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Salient.Victoria University of Wellington Students' Newspaper. Volume 32, No. 17 July 23, 1969

Drama — Contradictory Dynamism


Contradictory Dynamism

The White Liars and Black Comedy are two one-acters now running at Downstage's Star Boating Club Hall. Peter Shaffer has been recognised since Five Finger Exercise in 1958 and certainly since his The Private Ear and The Public Eye in 1962 as an effective playright who uses crisp, rather intellectual dialogue and economical plots which can survive even a mediocre performance (Hurt Rep's recent attempt at Five Finger Exercise for example). Black Comedy had a good run at the Old Vic 1966-7 and his latest, Royal Hunt of the Sun (an excursion into the Spanish conquest of Peru) has had excellent reviews. Downstage may well keep up its record of presenting the latest and give us that before long.

The White Liars has dialogue of sympathetic wit and clarity, but is a kind of theme and variations on a rather lightweight piece of amateur psychology which wanes as a source of dramatic action long before the plot very predictably rounds off. The situation is dynamically developed by a series of contradictions of evidence which reveals character in the most direct way. After Tom's outburst the technique is dropped in favour of propounding theory and developing character detail. However helpful this is, it has the unfortunate effect of anti-climax and tediously reworking Familiar material.

Baroness Lemberg (really Sophie Weinberg), fake fortune teller, fake aristocrat and in a sense fake mistress, waits tor customers in her isolated pier-booth a perfectly realistic use of the Star's harbour window here). She plays patience with her divining cards and very oddly talks to the disembodied voice of her former lover Vassi whose cynical corrections tell a great deal about them. Paul Holmes as Vassi produced an effective timbre of mocking sensuality. Pat Evison filled out Sophie with sympathy and brought a gentle pathos to a recognisable brand of self-depreciating Jewish humour 'sit down and tell me about it, do you think I'm clairvoyant or something; That's my one joke, I say it all the time'). Sophie states the theme: there are two types in the world, the Givers and the Takers. The Givers are the aristocrats of sensitivity and the Takers are the peasants.

Two customers invade this cosily occult scene to demonstrate the theory. David Williams, grotesquely tall and dislocated in blond wig and lambswool jerkin is the pop singer Tom (read Taker). Matt O'sullivan plays Frank, a nervous little homosexual (read Giver). The costumes help point their roles too: symbolic white for Tom: indeterminate brown for Frank who is hopelessly lost somewhere between black and white; and green chiffon on Sophie indicates [unclear: nausea].

Sophie (and the audience) are caught in the cross glare of willing delusion and cynical revelation. Tom has a laughing fit, drops his lower class dialect and tells the truth (and somewhat like Vassi there is nobody reliable enough to qualify his evidence). But the surprises are over. Tom launches into anti middle class propaganda, Sophie rambles distractedly and Variation I is delivered by Tom: the Givers, though passive, define the roles of the active Takers. Variation II is even more dubious: Society will recognise only the fulfillment of certain preconceived images e.g. successful pop singers are working class and never sons of accountants.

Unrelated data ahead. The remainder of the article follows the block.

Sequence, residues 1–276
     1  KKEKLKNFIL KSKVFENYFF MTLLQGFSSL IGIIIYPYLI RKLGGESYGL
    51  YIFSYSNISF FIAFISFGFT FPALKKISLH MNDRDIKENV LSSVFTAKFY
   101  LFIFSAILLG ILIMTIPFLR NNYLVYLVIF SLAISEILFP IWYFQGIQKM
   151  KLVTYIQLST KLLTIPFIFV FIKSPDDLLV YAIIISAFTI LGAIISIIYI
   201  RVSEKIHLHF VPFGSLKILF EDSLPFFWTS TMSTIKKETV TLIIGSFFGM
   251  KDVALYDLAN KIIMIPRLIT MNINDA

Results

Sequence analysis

From the time Tom finds his middle class voice the drama is over. The rest is just tidying up which, in contrast to the first half's dynamic revelations, is a process of taking longer to say less while waiting for the plot to catch up. Consequently, towards the end there is the sense of material being overworked. This is not to fault the production but just explains why a feeling of dissatisfaction lingers in spite of the actors' execllence and [unclear: Dick] Johnstone's clear sighted direction.

In the [unclear: can] be accused of letting its pretensions slip, Black Comedy has none to risk. The blackness is quite literal. Normal action starts on-stage in complete darkness, the "fuse blows", the lights come up and We see the characters groping about and falling over the furniture. It's a wonderful idea—a farce in the dark with almost every conceivable bit of slapstick by-play short of cream pies: mistaken identities, talking into space, mixed drinks, an attempt to exchange every stick of furniture borrowed from the next flat because the owner has returned. The possibilities are endless and most of them were realised by the cast who gave an expertly sustained performance.

One associates Feydeau with classic farce but this one is very English and pure situation comedy: almost plotless in the Feydeaun sense and there are very few jokes in the dialogue. Almost anything that looked desperate and helpless was cripplingly funny (one wonders how much the licensed first night helped here). Heather Eggleton's frilly orange knickers for the stair climbing bit was a master touch. That and David Williams's prolonged hysteria in shifting the furniture were not memorable.

Snappy action would seem to be essential to farce. But here the darkness slows everything down; the characters more as if they were treading water in a tank; the turns of fortune are seen to develop; imminent catastrophe becomes excruiating.

All this makes the play almost actor-proof but in fact the acting was exceptional too. Matt O'sullivan deserves spread mention for his effusively effeminate Harold Gorringe. All the others too must be applauded for their consistent inventiveness.

Grant Tilly's set, with a kind of mezzanine bedroom, was fully exploited. Did I imagine Rex Gilfillon's lighting become stronger everytime a match was blown out? All this is ultimately praise for the directo eye for detail and sound professionalism: another success for Dick Johnstone.